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COVID-19 Vaccination for Children

COVID-19 vaccinations are safe and effective at preventing COVID-19. People who are fully vaccinated can safely start doing more activities, and don’t have to quarantine after travel or an exposure if they don’t have symptoms.

The Pfizer vaccine was recently authorized by the FDA for emergency use in adolescents 12-15; it was already approved for children age 16 – 17. Studies found the vaccine to be safe and effective in these age groups:

Please see below for additional health and safety information. No COVID-19 vaccine is currently authorized for children under age 12.

The Health Department will begin offering the Pfizer vaccine at its regular clinics on Tuesdays and Fridays. Learn more starting the week of July 12th on our vaccination registration page.

To find a vaccination for your child age 12+ at another location:

  • Visit and search for vaccinations for age 12+ or call 1-855-GO-VAX.
  • To find pharmacies with Pfizer vaccine, search by type of vaccine at
  • Some physician offices may be able to offer the vaccine.

To learn more about COVID-19 vaccines for children, see below and follow the links for more details. Also talk to your child’s healthcare provider.

Safety and Effectiveness Data for Pfizer Vaccine in Adolescents Age 12-15 – FDA


  • 2,260 adolescents ages 12 through 15 years old enrolled in an ongoing randomized, controlled clinical trial
  • Half received the Pfizer vaccine and half received a placebo
  • Common side effects were pain at the injection site, tiredness, headache, chills, muscle pain, fever and joint pain.


  • Immune response to the vaccine was at least as good in adolescents ages 12-15 as in ages 16-25.
  • No cases of COVID-19 occurred among 1,005 vaccine recipients and 16 cases of COVID-19 occurred among 978 placebo recipients; the vaccine was 100% effective in preventing COVID-19.
  • More information is needed to determine if the vaccine can prevent transmission of the virus from person to person and how long the vaccine will provide protection.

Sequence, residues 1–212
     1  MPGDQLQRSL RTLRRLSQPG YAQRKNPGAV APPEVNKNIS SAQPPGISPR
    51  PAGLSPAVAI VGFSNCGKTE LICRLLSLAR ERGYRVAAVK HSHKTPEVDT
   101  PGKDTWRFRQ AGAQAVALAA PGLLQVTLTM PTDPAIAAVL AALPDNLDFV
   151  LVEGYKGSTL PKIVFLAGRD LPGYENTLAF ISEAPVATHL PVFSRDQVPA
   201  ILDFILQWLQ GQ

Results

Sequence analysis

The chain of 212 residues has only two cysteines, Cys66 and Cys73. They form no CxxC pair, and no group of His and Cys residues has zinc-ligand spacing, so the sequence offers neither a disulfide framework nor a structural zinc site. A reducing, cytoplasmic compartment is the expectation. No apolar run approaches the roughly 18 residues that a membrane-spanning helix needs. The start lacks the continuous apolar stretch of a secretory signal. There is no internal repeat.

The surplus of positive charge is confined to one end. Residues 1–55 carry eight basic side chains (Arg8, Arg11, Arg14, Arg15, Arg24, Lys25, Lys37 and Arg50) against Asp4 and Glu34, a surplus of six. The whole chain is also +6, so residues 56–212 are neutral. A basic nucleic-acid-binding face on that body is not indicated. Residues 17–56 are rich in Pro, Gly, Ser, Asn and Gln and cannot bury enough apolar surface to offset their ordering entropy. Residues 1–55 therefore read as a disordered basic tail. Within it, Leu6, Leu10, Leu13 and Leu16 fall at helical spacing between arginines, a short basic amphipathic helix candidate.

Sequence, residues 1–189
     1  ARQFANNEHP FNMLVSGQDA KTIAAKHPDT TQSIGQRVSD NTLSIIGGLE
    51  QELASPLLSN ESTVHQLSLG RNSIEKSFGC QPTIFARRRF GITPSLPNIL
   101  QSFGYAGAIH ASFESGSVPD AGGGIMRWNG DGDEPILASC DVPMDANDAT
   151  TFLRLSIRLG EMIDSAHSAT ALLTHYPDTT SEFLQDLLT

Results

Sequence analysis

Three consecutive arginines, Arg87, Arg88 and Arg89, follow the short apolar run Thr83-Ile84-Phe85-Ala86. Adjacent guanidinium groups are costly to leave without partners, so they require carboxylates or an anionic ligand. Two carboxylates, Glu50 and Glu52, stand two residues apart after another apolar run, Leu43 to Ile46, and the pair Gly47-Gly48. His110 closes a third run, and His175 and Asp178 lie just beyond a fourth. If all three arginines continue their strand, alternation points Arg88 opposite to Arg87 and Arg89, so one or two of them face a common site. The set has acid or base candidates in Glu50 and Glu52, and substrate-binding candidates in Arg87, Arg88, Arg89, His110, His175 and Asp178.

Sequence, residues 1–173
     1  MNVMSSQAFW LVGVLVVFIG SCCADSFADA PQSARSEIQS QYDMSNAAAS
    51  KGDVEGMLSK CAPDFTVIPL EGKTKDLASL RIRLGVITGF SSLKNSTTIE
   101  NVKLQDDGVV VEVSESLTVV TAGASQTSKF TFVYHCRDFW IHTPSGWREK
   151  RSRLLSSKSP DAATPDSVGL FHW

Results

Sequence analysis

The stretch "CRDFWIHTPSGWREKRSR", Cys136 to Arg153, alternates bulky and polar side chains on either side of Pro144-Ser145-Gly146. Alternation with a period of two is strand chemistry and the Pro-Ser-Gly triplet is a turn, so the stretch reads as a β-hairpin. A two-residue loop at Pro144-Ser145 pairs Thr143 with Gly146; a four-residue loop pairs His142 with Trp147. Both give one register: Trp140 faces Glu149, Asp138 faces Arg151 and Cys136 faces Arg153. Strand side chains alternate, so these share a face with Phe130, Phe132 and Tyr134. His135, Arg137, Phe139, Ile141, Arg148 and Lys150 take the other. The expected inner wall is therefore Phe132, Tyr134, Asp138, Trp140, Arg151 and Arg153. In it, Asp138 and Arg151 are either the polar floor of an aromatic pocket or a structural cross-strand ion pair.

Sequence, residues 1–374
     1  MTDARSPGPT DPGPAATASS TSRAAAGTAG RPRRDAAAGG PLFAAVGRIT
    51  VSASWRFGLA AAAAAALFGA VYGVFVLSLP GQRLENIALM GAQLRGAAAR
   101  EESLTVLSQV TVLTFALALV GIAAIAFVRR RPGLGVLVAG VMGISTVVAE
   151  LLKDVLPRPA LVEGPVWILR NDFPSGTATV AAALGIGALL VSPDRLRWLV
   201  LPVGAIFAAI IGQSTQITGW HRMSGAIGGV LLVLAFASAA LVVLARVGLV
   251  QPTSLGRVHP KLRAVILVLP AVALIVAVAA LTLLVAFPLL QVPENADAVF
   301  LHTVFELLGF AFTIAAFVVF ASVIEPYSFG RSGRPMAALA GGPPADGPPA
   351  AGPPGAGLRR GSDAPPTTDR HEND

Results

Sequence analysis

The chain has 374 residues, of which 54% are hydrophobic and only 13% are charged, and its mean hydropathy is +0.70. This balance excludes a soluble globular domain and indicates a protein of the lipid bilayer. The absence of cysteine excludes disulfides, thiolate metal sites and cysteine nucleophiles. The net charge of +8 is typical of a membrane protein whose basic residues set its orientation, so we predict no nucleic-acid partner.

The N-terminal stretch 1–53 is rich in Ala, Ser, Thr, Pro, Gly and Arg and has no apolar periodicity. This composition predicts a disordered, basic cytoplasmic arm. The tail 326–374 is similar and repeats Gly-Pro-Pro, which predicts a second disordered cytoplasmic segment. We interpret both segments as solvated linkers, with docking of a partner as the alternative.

The Pfizer-BioNTech COVID-19 Vaccine should not be given to anyone with a known history of a severe allergic reaction, including anaphylaxis—to any component of the vaccine. Ingredients and other information on allergic reactions can be found in Pfizer’s Fact Sheet for Recipients and Caregivers.

After Vaccination

To learn more about what to expect after your child receives the COVID-19 vaccine, visit our After Vaccination page.

  • More than 177 million people have received at least one dose of COVID-19 vaccine in the United States, and CDC continues to monitor the safety of COVID-19 vaccines for any health problems that happen after vaccination.
  • Since April 2021, there have been more than a thousand reports to the Vaccine Adverse Event Reporting System (VAERS) of cases of inflammation of the heart—called myocarditis and pericarditis—happening after mRNA COVID-19 vaccination (i.e., Pfizer-BioNTech, Moderna) in the United States.
  • These reports are rare, given the hundreds of millions of vaccine doses administered, and have been reported after mRNA COVID-19 vaccination, particularly in adolescents and young adults. View the latest information.
  • Most patients who received care responded well to treatment and rest and quickly felt better.
  • COVID-19 itself is known to cause myocarditis.
  • Confirmed cases have occurred:
    • Mostly in male adolescents and young adults age 16 years or older
    • More often after getting the second dose than after the first dose of one of these two mRNA COVID-19 vaccines